Peter You know what it is? I think it’s the glue that they use to put the flights on the arrows.
Felice There are just people – figures – everywhere, just like in Madame Tussauds but with a theme of battle.
Peter Charlotte, judging by the number of targets set up around the grounds, archery plays a pretty big role at Warwick Castle?
Charlotte Yes, we have a bowman here at the castle. He stands around on the east front or sometimes down by the river, practices his shooting and loves talking to all of our guests about archery and the uses that had in the medieval era here at the castle.
Felice Can people get involved in the archery, for example can they have a go?
Charlotte Yes, we do offer a very good ‘have a go’ services here where we have a set of targets set up so that people can come and try them out for a small fee. Both adults and children can have a go at the archery and learn exactly what it was like.
Peter So here we are on the grounds of Warwick Castle. Felice, what do you think of it?
Felice I think it’s great for a family day out. There’s so much to do for all ages, especially if you’re interested in history. So you can see things…all these lovely, really, really good models in the room sets and outside. Ranging from the Wars of the Roses, that period with amazing costumes, to 19th and 20th century, the room sets are fantastic. So normally you might go to a museum like the V&A, for example, and see fabulous a room set, but no one in it. So you can’t quite imagine the people in it at the time. But here you’ve actually got the figures, the waxworks sitting in the chairs and sitting at the dining room tables and things like that.
Peter There is a sort of theme park atmosphere, isn’t there?
Felice Obviously there is. Yes, they could do without all the music in the background. It’s quite noisy, wherever you go there’s a different type of music. There’s lots of outdoor areas where you can take a picnic or you can buy food.
Peter You can stay here.
Felice Oh, yes, that’s what sounds really good. You can stay here either and you can either go glamping in a tent with a four-poster bed or you can stay in one of the turrets as well, which is quite luxurious. So that sounds really good fun. The place with the glamping is called the Knights Village, you could stay there. Staying inside the castle you stay in the tower suite, the Knights Village is by the river. What are the normal opening times for the castle on weekdays and weekends?
Charlotte So the castle is open 364 days a year – that’s every day except Christmas Day. Usually we’re either open from either 10am-4pm or 10am-5pm, depending upon the season and the amount of people we’ve got coming through the door. To find out more you can go to our website and we’ll have all the original opening times on that.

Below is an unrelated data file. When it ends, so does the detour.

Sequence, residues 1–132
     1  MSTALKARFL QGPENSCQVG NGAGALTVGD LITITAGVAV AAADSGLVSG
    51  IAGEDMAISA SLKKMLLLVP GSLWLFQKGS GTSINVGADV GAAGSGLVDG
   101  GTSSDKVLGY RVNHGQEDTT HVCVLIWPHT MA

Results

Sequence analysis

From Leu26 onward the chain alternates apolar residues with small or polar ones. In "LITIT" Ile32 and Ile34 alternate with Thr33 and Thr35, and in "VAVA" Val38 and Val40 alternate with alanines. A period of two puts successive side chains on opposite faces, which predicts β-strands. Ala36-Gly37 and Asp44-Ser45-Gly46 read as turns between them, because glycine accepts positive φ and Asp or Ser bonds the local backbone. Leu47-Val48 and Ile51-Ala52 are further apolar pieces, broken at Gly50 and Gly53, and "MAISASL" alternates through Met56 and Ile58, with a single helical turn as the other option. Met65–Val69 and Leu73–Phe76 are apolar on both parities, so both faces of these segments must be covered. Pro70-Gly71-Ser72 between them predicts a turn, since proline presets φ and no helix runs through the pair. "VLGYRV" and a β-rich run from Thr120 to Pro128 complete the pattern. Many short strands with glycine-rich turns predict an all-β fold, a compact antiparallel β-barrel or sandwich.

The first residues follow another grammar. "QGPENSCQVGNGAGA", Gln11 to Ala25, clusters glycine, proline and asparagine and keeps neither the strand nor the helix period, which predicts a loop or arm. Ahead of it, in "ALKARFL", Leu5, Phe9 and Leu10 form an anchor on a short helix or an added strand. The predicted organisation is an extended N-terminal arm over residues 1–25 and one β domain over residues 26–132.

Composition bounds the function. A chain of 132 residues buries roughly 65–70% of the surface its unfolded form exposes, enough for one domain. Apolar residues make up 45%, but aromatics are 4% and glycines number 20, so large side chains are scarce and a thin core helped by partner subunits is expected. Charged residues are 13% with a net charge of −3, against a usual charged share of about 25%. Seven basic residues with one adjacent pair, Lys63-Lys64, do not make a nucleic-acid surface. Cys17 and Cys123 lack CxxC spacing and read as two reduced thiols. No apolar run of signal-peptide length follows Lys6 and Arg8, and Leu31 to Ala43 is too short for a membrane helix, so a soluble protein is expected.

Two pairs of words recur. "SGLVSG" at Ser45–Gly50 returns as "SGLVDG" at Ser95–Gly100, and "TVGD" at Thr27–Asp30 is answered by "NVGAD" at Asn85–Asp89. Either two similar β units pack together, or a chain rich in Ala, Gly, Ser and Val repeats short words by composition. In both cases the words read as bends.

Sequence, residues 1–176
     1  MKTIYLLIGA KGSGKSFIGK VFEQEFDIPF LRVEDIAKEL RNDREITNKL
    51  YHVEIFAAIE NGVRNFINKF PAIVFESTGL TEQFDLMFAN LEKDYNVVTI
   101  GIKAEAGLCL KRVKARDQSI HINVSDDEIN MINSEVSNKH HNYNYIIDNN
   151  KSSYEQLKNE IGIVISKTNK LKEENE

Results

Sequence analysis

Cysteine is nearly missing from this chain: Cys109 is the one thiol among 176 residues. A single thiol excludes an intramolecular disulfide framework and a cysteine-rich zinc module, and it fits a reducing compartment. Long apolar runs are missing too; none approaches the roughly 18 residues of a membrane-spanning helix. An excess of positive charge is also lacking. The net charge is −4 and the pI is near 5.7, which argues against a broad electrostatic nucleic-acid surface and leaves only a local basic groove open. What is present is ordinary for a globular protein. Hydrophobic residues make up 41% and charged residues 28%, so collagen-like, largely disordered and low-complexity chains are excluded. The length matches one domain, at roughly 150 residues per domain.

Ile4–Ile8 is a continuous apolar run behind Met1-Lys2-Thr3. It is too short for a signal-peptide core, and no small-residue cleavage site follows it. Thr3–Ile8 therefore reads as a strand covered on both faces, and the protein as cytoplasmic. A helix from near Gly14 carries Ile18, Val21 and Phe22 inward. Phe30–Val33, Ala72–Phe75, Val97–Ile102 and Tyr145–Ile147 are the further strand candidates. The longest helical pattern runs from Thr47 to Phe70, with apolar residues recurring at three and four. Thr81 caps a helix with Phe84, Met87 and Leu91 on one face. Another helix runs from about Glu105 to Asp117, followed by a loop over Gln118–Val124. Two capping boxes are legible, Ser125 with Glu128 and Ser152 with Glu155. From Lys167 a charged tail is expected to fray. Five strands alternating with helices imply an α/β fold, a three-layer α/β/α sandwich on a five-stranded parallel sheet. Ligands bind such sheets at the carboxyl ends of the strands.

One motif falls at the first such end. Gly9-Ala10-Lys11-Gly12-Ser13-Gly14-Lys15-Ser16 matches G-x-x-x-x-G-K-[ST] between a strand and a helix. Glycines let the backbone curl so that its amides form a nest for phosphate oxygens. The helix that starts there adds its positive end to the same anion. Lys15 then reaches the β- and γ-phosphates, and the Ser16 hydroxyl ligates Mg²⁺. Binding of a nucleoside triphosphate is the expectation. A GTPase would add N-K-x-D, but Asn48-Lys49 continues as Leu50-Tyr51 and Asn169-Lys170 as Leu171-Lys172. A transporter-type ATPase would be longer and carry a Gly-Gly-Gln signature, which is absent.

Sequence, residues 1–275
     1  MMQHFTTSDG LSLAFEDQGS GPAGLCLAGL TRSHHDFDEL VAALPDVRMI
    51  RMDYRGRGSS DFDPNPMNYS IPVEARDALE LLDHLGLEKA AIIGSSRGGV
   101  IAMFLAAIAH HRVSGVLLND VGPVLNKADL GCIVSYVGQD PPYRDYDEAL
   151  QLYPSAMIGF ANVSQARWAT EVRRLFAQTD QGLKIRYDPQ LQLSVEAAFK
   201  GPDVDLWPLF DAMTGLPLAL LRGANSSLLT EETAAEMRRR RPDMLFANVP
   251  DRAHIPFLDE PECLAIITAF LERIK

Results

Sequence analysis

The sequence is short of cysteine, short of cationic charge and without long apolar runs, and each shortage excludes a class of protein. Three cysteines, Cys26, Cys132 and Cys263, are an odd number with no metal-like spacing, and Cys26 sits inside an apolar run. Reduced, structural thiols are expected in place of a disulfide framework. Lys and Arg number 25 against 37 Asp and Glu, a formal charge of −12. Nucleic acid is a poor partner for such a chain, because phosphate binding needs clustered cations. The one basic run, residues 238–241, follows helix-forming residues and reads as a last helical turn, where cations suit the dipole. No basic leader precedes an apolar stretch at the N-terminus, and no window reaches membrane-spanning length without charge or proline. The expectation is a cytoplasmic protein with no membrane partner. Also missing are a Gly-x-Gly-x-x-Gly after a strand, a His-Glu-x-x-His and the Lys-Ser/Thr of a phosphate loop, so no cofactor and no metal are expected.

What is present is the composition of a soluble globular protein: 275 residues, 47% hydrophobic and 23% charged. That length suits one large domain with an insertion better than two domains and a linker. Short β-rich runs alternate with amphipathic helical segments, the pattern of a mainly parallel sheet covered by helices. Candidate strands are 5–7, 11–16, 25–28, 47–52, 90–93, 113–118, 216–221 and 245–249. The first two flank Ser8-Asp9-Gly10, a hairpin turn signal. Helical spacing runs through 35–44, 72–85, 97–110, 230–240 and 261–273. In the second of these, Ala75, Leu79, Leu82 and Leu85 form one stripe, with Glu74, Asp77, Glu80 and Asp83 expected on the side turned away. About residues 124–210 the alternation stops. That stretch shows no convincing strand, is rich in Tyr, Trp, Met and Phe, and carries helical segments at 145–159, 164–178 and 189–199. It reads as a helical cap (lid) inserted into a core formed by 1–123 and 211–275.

Felice What’s your website address?
Charlotte It is Warwick-castle.com
Peter Charlotte, thank you very much indeed. So for me, I think the highlight of the day was the Falconer’s Quest, the birds of prey show. I thought was actually fantastic, what do you think?
Felice I loved it. It was also my favourite thing. There were so many birds, I couldn’t believe it. By the end, there were about 30 birds all flying at once, which was incredible.
Peter Right up…when I say’ close’ to the audience, within six inches of the audience. How they train them to do that, I have no idea.
Felice They told us before it started that you must remain seated and I can see why, because their beaks came very close to you otherwise. I would be frightened of being pecked or something.
Peter And the whole setting was glorious, right on me on the riverbank in a sort of historic setting, wasn’t it, with beautiful, beautiful trees and ducks living rather dangerously, I thought, with birds of prey around.
Felice And geese flying around as well.
Peter And the real highlight of the whole show was a South American condor. It was one of the largest birds I’ve ever seen; it has a 10-foot wingspan.
Felice They are huge, like they like flying Labradors. I mean, so enormous, heavy, really, really impressive.
Peter It’s worth going to Warwick Castle just to see the show, actually, which is I gather one of the largest birds of prey shows in the whole of the British Isles.
Felice We’ve seen lots of shows. We’ve seen snake shows in Australia and I’ve seen birds of prey shows with just one or two birds, but this was fantastic.
Peter And the bald eagle, the American bald eagle was absolutely amazing up close. So big, so big in the sky. All in all, a great day out.
Felice Yes, I agree. It was a really good day out and fantastic for families with children of all ages.
Felice That’s all for now. If you’ve enjoyed the show, please share this episode with at least one other person! Do also subscribe on Spotify, i-Tunes or any of the many podcast providers – where you can give us a rating. You can subscribe on Spotify, Apple Podcasts or any of the many podcast platforms. You can also find us on Twitter, Facebook and Instagram. We’d love you to sign up for our regular emails to [email protected].